Decline of the Qing Dynasty Dynasty began to decline after long period of peace and prosperity External pressure from the west affected Chinese society Internal pressure, including corruption, unrest, and incompetence, exacerbated by China’s rapid growth which led to food shortages
Opium War By 1800, Europeans had been in contact with China for over 200 years, but were still only allowed to trade in Guangzhou The British had an unfavorable trade balance, they bought more goods from China than they sold to China; they had to pay the difference with silver, which they did not want to do The British decided to trade opium to improve their trade balance The British brought the opium from India to China; demand for opium increased in China – opium was highly addictive; opium restored the trade balance, but upset the Chinese China made opium trade illegal; appealed to Queen to stop the British British refused to stop import of opium; the Chinese blockaded Guangzhou; the British responded with military force, starting the Opium War The Chinese were unable to match the British forces; the British destroyed the Chinese coastal and river forts; the Qing dynasty negotiated a peace The Treaty of Nanjing was signed in 1842; the Chinese opened five ports to trade, limited taxes on British goods and China paid the costs of the war China also gave the British the island of Hong Kong
Tai Ping Rebellion A peasant revolt against the government, it was led by Hong Xiuguan, a Christian convert who was convinced God had given him the mission of destroying the Qing dynasty The Tai Ping Rebellion called for social reforms, making it popular among the peasants Hong also wanted people to give up private possessions and hold lands and farms in common, with assets to be shared equally by all In March 1853, the rebels seized Nanjing and massacred 25,000 people The revolt continued for ten more years but eventually fell apart Europeans came to the aid of the Qing dynasty; in 1864 Chinese forces recaptured Nanjing and destroyed the remaining rebel forces It was one of the most devastating civil wars in history, with up to 20 million people dying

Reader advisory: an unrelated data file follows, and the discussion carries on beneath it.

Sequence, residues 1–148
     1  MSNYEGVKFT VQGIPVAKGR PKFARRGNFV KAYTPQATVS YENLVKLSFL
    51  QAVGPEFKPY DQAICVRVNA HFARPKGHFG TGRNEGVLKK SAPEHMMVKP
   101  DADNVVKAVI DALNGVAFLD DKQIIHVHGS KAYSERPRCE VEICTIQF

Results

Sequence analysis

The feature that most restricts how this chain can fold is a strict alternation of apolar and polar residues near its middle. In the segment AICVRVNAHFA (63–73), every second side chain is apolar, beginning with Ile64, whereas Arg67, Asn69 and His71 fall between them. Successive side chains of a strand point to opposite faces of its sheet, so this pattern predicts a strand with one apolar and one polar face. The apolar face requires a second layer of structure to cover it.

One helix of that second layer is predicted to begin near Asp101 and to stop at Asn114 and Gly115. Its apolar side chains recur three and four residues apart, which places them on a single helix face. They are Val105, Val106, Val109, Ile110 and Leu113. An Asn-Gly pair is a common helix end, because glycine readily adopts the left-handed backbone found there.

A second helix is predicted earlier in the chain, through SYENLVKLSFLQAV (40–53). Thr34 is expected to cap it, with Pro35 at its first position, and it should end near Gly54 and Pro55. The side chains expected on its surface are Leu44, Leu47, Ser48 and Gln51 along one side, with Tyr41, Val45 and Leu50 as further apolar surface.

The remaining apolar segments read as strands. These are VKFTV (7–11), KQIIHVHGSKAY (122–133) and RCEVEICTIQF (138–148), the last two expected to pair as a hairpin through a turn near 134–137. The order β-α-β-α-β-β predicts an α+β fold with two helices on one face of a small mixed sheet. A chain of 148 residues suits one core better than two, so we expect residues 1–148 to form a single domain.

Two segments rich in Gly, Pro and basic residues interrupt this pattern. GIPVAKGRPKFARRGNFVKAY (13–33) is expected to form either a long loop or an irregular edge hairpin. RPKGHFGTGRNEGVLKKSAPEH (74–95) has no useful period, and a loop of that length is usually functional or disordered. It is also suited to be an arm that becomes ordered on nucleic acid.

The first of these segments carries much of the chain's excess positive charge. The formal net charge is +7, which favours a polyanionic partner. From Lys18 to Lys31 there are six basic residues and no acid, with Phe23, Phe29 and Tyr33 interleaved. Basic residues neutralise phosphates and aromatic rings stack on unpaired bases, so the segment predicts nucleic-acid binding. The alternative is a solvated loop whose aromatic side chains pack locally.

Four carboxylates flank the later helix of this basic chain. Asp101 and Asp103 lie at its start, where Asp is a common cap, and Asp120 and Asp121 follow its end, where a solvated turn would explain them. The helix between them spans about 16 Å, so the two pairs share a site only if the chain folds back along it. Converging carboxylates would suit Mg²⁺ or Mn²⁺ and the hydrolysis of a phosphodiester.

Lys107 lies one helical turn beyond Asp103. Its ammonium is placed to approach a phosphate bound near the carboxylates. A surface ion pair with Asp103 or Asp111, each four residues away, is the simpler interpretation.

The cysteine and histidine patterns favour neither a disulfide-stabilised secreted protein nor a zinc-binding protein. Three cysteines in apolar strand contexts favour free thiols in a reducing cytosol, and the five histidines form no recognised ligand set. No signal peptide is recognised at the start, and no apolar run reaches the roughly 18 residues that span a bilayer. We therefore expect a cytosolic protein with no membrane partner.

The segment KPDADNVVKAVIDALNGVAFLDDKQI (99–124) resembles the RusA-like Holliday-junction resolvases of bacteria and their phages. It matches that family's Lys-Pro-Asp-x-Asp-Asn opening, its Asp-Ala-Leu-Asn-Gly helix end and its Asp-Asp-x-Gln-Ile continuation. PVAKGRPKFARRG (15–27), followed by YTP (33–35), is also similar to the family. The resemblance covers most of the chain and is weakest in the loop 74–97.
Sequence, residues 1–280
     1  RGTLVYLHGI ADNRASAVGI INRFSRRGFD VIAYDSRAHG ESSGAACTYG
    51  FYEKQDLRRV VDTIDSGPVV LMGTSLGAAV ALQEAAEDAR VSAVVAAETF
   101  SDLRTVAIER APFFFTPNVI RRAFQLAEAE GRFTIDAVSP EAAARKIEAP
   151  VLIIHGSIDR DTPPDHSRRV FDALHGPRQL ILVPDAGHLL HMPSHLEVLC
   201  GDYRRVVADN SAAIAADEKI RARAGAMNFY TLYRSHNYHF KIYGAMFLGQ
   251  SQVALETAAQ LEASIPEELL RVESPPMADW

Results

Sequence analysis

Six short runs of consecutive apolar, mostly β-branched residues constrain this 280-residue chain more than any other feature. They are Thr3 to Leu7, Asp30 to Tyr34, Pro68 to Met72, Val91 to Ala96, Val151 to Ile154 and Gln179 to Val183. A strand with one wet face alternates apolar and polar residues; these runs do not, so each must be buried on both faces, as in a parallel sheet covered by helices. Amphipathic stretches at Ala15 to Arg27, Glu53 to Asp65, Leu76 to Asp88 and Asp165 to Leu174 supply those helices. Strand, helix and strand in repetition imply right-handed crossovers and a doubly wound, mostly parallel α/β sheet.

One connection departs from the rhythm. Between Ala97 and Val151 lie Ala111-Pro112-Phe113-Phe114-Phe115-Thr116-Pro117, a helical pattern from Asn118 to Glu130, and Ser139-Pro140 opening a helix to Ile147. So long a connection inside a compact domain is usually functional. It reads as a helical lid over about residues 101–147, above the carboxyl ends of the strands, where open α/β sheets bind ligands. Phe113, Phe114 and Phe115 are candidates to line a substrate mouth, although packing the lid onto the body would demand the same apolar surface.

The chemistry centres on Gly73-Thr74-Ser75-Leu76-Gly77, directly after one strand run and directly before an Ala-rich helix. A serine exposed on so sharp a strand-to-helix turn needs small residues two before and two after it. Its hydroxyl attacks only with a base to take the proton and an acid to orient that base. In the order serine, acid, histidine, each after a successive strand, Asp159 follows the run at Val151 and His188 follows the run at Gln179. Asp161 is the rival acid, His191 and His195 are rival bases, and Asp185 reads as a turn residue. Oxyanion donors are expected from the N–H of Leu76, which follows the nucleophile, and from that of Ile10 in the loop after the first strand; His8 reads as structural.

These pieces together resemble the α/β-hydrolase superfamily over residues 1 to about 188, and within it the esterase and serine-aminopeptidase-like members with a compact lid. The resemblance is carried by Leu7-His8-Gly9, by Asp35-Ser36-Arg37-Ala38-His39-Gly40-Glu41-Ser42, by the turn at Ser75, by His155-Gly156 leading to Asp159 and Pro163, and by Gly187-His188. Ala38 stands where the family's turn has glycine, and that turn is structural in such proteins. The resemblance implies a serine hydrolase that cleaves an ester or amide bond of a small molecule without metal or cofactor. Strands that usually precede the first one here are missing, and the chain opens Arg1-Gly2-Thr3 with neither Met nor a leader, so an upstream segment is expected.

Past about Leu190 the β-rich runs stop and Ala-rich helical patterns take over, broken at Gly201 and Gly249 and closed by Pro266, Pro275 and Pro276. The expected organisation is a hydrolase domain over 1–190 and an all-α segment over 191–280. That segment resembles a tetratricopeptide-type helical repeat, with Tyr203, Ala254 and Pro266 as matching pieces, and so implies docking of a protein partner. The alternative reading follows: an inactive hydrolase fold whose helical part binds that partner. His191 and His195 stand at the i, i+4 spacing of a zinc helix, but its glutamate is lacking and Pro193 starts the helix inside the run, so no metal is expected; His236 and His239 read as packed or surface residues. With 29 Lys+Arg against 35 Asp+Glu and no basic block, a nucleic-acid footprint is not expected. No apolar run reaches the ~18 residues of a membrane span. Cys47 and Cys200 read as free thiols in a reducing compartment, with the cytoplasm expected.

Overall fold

Reform in China By 1870, Qing dynasty was in decline High taxes to pay for Tai Ping rebellion Private armies funded by rich warlords who collected taxes from peasants; kept collecting taxes after war ended Government adopted Western technology while trying to keep Confucian values and institutions Built factories to create modern weapons and strengthen the military Kept civil service examinations for bureaucratic jobs Some reformers wanted democracy, but most of China saw democracy as too radical
Advance of Imperialism Russia took advantage of Qing dynasty weaknesses to force China to give up territories in North and Northeast (Siberia) In Tibet, Russia and Great Britain kept Tibet free from Chinese influence European countries began creating spheres of influence in Chinese mainland; these were areas that gave other countries exclusive trading rights; European countries negotiated directly with Chinese warlords for influence and control In 1894, China went to war with Japan over Japanese movements in Korea China was soundly defeated; and Japan received Taiwan and the Liaodong Peninsula (the peninsula was eventually returned to China)
100 Days of Reform In 1898, new emperor Guang Xu launched massive reform program Attempted to modernize government Adopted new educational system Allowed free press Reforms were opposed by members of court who opposed the West Guang Xu eventually imprisoned by his aunt, Empress Dowager Ci Xi
Boxer Rebellion In 1899, the US proposed an Open Door Policy that gave equal access to the Chinese trade market and preserved the unity of the Chinese empire This policy came too late to prevent the Boxer Rebellion; the Boxers were members of a secret organization called the Society of Harmonious Fists; they believed their exercises would protect them from bullets The Boxers were upset by the foreign takeover of China; their slogan was “destroy the foreigner;” they especially hated Christian missionaries In 1900, the Boxers began roaming the country and slaughtered foreign missionaries, Christians, and foreign businessmen An allied army of British, French, German, Russian, American and Japanese troops attacked Beijing in August of 1900 and restored order; the Chinese were forced to pay a heavy indemnify – a payment for damages to the Imperialist powers